Your Browser Has a "Please Send Me To Hell" Button

May 7, 2009 § 26 Comments

Actually, you have to work out your moral failing, in either case, don’t you? If you torture, you have to work it out. If you allow millions to die because you’re “too good” to torture, that’s another moral failing you have to work out. And what is the moral failing? Not trusting that God will help you work that out.

Maybe when you don’t have an idea that you and God can work out your moral failings, you have a tougher time dealing with them? I don’t know. But “who saves a life saves the world, entire” may come into play here. I don’t want to kill the guy I’m torturing. But I want to save 5 million lives.

Resolving to sin if some future hypothetical fantasy comes to pass is one of the most insane things people do with their computers. Resolving to sin if X happens is sinning. Resolving to sin if X happens and then stating that resolution on a public blog is formal cooperation with evil.

God gives you an easy way to work that out though. It is called “keeping your mouth shut”.
(HT: Disputations)

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§ 26 Responses to Your Browser Has a "Please Send Me To Hell" Button

  • brandon field says:

    I said it over at Tom’s, but we Enlightened American Catholics don’t really believe in hell anymore. We believe in just working things out.

  • Lydia McGrew says:

    I never read the Anchoress. I didn’t used to, either, but I used to hear about her in the Catholic blogosphere and occasionally be curious about her. Then a couple of years ago I saw a quote of her going on and on and on about Rudy Giuliani and how he is a “man in full,” and I felt mildly sick (does a “man in full” send his lawyer to tell the press that his divorced wife is “clinging from the chandelier” when they are trying to kick her out of the mayor’s mansion?) and resolved never to be interested in anything she had to say.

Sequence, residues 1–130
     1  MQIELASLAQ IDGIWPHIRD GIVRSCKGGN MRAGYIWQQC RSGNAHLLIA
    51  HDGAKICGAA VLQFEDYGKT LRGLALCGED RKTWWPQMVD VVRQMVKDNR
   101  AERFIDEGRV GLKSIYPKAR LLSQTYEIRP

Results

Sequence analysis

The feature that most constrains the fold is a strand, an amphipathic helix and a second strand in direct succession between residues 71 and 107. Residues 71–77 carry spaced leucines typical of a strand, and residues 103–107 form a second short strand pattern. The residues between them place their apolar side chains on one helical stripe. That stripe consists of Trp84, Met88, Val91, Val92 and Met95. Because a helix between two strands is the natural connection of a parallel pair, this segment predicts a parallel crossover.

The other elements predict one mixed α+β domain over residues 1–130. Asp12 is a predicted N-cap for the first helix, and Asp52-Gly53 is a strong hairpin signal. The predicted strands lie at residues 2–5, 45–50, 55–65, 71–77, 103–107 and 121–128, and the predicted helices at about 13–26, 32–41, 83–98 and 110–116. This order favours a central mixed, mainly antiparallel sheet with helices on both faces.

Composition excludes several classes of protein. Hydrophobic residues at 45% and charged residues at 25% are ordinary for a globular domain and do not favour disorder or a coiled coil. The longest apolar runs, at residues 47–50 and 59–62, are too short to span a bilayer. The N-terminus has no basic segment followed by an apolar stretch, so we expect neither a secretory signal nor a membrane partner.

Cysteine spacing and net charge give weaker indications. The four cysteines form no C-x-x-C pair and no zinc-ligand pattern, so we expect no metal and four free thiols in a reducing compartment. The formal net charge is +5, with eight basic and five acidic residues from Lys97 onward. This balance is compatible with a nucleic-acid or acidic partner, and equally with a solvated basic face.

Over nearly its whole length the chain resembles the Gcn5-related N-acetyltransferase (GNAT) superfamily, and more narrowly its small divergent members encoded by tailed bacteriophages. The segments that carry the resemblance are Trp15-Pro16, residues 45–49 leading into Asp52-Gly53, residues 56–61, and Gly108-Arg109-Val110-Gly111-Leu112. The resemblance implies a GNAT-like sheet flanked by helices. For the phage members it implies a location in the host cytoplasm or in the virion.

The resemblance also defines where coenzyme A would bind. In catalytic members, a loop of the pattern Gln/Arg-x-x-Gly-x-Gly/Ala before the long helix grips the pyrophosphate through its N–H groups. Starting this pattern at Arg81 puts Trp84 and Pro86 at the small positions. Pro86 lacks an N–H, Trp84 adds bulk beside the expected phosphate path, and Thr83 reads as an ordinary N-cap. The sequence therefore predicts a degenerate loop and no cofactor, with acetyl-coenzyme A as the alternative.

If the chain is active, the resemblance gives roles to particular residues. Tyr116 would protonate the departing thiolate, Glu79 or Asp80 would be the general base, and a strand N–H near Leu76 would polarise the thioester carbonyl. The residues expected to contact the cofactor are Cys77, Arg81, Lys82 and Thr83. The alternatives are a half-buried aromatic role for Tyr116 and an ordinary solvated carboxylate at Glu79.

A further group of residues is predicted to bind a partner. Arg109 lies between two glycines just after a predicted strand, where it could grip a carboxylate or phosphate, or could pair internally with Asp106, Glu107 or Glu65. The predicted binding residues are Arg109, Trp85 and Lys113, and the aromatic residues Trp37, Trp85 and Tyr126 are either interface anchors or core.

• zippy says:

    Early on I had her confused in my mind with <>The Anchor Hold<>, a delightful blog by a delightful woman, Karen Marie Knapp, now deceased, may she rest in peace. So I would occasionally go read what the Anchoress had to say when linked from other blogs, and typically regretted it.

  • Tom says:

    I think the Anchoress is pretty good on religious topics that are not also political topics. On topics that are both religious and political, she’s more hit-and-miss. On purely political topics… I’ve always said the more I know about <>anyone<>‘s politics, the harder I find it to respect them.

    And, since her name has come up: Karen Marie Knapp was a holy woman.

  • JohnMcG says:

    I think the attituedes some Catholics have toward torture and abortion are an interesting exhibit on what a powerful force political partisanship is, and how effective the parties are in inspiring loyalty.

    As another example, in that same post, tere was a link to Andy McCarthy’s courageous stand, comparing him to May Ann Glendon’s declining to accepte the Award at Notre Dame. I followed the link, hoping to find a firm stand on life. What did I find? McCarthy would not serve on a detention task force for the Obama Administration because he didn’t want to associate himself with some of Obama’s policies that make us less safe.

    I’ve got anothe post in the mental hopper about how we throw the word “courage” around these days.

  • zippy says:

    I followed the same link and had the same reaction, John. Probably had the same dumb hopeful look on my face that you did too.

  • Anonymous says:

    After reading The Anchoress’s thoughts on torture (how and why did she wind up affliated with First Things?!), I was reminded of Christ’s 40 days in the desert and the temptations Satan hurled at him. Specifically, the one in which Satan offers Christ all the power in the whole world if he simply commits original sin.